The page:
In a simple, common configuration, several load cells are used to attach the hopper to a support frame, as shown in Figure 3. Proper selection of load cells is critical for a safe and accurate operation. Load cells are rated for the amount of weight they can handle. They have an electrical signal output that covers their entire range of weight. Therefore, you should choose the smallest one that covers your full range.
Because the load cells will support and weigh the entire assembly, not just the material contents, the load cell or cells need to be rated for the combined weight of the hopper as well as everything inside and everything firmly attached to the hopper. For example, if your total assembly weight will range from 0 to 1,200 pounds, then a good choice would be to support the assembly with three load cells rated at 500 pounds each. In this case, you will be using 1,200 of the rated 1,500 pounds. However, if you had chosen three 1,000-pound load cells for the same application, then your accuracy and scale resolution — the smallest increment in applied weight that the scale can detect or display — would be worse since you would only be using a small part of the range (1,200 pounds of the rated 3,000 pounds).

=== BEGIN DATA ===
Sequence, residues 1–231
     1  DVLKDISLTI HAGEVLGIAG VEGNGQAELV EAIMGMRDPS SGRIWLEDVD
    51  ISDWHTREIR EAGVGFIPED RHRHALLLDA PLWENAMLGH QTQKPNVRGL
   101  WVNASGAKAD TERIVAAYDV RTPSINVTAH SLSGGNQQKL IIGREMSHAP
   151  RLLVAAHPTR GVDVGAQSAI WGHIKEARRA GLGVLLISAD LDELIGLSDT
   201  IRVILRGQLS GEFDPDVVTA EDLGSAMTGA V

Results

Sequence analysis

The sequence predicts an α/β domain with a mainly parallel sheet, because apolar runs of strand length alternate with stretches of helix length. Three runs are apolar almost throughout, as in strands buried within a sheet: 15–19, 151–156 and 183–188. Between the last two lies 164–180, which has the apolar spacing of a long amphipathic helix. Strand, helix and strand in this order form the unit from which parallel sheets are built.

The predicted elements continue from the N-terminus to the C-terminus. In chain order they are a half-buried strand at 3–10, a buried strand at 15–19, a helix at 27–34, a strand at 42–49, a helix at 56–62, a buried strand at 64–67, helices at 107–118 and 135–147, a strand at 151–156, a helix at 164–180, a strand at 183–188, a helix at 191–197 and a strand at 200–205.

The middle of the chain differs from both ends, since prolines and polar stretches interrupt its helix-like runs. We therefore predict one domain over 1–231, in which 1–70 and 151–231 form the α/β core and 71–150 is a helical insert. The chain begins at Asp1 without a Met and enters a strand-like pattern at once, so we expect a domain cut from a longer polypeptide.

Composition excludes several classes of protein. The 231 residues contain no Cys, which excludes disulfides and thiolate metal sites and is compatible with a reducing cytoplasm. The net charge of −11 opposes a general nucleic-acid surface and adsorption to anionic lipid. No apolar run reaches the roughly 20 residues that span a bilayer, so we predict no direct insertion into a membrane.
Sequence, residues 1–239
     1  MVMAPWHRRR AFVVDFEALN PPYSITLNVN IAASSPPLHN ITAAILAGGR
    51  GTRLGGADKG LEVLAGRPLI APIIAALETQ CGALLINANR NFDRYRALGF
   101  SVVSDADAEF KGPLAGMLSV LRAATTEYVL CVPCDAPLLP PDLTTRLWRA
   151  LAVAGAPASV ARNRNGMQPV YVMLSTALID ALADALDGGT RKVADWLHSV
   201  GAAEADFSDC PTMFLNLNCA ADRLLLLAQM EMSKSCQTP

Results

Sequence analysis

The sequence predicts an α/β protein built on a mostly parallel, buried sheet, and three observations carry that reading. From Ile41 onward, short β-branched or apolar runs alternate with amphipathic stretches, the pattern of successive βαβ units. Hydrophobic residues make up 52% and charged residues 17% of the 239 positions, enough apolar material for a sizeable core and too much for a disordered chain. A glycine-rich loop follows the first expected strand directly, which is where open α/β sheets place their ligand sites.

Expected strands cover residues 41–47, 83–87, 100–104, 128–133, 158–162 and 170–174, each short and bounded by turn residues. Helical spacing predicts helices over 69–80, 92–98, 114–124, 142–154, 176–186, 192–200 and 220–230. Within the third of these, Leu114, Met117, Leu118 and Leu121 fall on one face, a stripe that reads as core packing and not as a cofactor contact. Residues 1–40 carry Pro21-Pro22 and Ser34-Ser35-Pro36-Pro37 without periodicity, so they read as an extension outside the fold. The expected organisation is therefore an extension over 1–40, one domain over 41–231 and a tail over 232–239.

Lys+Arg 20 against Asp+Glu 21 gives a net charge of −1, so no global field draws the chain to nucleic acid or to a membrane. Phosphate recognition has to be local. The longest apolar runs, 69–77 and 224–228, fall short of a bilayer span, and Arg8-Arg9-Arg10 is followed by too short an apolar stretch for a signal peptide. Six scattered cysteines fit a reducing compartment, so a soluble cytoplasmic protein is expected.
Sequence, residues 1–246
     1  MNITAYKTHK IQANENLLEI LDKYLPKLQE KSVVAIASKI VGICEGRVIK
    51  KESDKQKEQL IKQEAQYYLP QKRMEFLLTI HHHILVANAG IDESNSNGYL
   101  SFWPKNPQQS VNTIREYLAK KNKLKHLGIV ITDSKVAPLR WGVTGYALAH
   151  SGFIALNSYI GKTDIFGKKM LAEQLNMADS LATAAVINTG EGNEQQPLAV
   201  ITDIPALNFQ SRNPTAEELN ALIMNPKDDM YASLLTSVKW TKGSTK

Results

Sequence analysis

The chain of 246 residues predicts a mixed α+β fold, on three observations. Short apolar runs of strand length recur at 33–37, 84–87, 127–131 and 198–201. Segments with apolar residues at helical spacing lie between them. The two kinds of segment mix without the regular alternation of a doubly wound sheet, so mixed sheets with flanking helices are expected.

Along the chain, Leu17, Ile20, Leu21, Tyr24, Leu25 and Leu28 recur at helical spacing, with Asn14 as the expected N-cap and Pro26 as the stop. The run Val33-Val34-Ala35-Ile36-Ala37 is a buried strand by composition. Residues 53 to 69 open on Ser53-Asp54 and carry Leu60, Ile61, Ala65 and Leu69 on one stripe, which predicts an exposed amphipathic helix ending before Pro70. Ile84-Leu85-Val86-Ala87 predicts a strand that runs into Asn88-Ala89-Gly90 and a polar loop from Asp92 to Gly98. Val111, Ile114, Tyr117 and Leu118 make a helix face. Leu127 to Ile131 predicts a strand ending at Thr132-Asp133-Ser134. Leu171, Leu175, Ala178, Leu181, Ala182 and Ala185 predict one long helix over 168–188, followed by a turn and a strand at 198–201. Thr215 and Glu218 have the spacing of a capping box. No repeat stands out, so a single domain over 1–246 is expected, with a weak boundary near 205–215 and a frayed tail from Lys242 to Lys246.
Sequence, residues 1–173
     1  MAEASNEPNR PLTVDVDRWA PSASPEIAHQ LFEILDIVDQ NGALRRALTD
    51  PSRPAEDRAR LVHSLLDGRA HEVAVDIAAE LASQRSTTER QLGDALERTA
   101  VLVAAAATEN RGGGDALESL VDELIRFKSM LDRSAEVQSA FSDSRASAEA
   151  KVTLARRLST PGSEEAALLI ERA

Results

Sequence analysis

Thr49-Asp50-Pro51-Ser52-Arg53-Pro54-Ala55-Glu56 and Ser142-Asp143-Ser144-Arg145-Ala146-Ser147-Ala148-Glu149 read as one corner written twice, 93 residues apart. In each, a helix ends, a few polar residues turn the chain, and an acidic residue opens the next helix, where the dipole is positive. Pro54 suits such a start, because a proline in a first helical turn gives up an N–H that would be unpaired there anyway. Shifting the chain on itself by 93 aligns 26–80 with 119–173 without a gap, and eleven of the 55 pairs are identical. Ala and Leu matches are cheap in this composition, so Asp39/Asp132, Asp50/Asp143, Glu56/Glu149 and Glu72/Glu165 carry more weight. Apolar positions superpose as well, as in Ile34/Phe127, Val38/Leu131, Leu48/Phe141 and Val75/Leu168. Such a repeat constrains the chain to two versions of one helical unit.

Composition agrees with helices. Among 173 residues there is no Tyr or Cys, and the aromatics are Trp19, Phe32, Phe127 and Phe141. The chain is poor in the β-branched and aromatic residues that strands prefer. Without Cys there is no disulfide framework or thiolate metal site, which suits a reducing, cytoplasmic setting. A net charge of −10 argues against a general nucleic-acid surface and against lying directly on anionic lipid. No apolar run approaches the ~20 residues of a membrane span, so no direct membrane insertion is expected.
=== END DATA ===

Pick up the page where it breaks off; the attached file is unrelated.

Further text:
In addition, each of the load cells needs to support an equal portion of the weight. That’s why we used three load cells in the previous example because if you have three support points on which to balance an object, then each of them will always be supporting their portion of the load. In contrast, if you have four or more load cells and their alignment isn’t right, then one cell may carry more or less weight than the others.